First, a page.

“Funding for climate tech was relatively flat from 2021 to 2022, compared with investment slowdowns in other sectors, but a more granular look at the data suggests that resources have begun to shift away from previously dominant segments like transportation toward emerging technologies, according to Climate Tech VC (CTVC),” explains one article in Tech Brew.
Despite these macro trends, remember that your goal is to simply finda job. So make your own judgment calls.
Final words of empowerment
The economy feels larger than life sometimes. That’s because it is. After all, there are eight billion people in the world—and a large number are transacting with each other in some way on a regular basis. Yes it’s true, according to the United Nations, that “that climate change is a grave and mounting threat to our wellbeing and a healthy planet.”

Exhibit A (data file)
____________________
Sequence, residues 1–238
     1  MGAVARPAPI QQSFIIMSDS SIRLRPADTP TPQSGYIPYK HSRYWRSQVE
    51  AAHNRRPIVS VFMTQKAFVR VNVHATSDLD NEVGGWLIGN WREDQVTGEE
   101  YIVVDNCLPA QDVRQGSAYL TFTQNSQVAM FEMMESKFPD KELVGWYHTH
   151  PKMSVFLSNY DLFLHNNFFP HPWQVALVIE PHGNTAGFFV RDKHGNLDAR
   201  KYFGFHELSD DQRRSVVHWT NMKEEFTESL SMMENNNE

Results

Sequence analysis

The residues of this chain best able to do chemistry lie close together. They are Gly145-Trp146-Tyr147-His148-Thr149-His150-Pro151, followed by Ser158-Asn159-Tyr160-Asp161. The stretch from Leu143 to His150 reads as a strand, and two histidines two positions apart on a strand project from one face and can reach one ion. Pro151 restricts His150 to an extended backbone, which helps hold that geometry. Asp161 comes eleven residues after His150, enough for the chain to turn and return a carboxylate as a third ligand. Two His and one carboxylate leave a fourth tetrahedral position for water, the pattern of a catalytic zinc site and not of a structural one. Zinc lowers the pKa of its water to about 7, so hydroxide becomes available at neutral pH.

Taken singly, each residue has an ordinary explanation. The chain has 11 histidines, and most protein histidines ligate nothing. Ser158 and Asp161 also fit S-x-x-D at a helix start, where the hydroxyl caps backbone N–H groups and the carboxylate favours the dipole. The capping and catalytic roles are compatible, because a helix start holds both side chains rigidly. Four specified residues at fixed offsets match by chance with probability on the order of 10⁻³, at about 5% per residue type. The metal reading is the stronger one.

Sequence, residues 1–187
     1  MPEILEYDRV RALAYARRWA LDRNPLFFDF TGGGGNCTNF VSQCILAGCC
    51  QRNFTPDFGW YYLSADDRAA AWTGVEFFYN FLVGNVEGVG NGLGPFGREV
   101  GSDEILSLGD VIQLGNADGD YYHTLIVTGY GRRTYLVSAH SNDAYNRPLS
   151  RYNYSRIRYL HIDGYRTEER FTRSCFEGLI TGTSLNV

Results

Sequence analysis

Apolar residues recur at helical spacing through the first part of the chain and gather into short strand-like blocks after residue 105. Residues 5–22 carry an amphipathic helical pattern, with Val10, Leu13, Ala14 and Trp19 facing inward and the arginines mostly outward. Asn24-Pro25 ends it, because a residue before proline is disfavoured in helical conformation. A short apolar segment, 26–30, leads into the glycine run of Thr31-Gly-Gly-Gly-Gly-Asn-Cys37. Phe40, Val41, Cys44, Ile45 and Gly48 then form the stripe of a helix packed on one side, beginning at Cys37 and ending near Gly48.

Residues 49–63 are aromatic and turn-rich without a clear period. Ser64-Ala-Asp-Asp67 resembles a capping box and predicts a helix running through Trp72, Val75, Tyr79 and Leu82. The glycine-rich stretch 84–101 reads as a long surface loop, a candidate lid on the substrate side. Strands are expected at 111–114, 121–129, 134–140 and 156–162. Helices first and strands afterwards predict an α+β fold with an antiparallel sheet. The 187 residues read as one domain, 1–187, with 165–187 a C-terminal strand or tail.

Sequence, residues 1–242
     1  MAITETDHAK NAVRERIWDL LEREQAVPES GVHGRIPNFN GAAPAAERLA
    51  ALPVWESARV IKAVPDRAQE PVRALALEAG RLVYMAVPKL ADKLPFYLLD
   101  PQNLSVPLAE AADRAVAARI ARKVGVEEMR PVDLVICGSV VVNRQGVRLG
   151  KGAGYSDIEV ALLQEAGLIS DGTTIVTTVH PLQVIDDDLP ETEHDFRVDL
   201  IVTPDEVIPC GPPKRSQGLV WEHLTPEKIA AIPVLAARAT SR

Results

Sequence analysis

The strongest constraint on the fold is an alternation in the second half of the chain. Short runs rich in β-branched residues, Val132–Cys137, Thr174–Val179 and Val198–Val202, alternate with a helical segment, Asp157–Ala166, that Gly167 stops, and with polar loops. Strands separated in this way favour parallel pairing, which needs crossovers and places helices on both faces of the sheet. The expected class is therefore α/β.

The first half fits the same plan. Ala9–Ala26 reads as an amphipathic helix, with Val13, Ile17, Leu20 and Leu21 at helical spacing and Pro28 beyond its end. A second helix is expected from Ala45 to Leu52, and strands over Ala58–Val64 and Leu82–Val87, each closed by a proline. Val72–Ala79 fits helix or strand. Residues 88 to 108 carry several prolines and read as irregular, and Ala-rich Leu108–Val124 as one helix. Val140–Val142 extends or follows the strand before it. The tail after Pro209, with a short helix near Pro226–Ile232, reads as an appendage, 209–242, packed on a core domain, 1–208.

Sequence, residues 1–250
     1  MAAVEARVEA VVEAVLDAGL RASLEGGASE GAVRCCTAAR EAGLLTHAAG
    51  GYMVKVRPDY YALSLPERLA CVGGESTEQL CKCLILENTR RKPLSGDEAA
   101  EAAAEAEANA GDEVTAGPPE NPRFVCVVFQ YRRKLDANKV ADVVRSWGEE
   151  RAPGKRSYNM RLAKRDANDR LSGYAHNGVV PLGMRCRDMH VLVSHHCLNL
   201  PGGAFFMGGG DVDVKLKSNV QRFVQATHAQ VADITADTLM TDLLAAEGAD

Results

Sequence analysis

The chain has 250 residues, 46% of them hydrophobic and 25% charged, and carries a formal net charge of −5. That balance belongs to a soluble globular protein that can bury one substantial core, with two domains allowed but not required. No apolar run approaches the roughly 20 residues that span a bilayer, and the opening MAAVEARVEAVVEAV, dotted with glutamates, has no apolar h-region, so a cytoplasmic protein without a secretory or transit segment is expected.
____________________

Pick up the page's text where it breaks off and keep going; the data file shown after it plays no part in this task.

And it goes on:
Despite how massive (and out of control) problems seem sometimes, remember that your mind has the power to shape reality. Brain formation travels at 268 miles per hour, according to researchers, with a storage capacity that’s unlimited. Imagine the power of putting that intellect to work to solve the climate crisis.
After all, the IPCC says that despite the potential for doomsday scenarios, the 1.5°C warming limit is still attainable.
As Yoda would say, “Do or do not do. There is no try.”
Maybe with enough brain power from the tech sector, humanity can achieve this goal.
Next week, we’ll publish a part two in this series, sharing practical, tactical tips to help you find a role that’s right for you.
Climate tech is a new industry, which means that you’ll be responsible for building technical architecture from the ground up. Learn how Stack Overflow for Teams can help support problem-solving at your organization.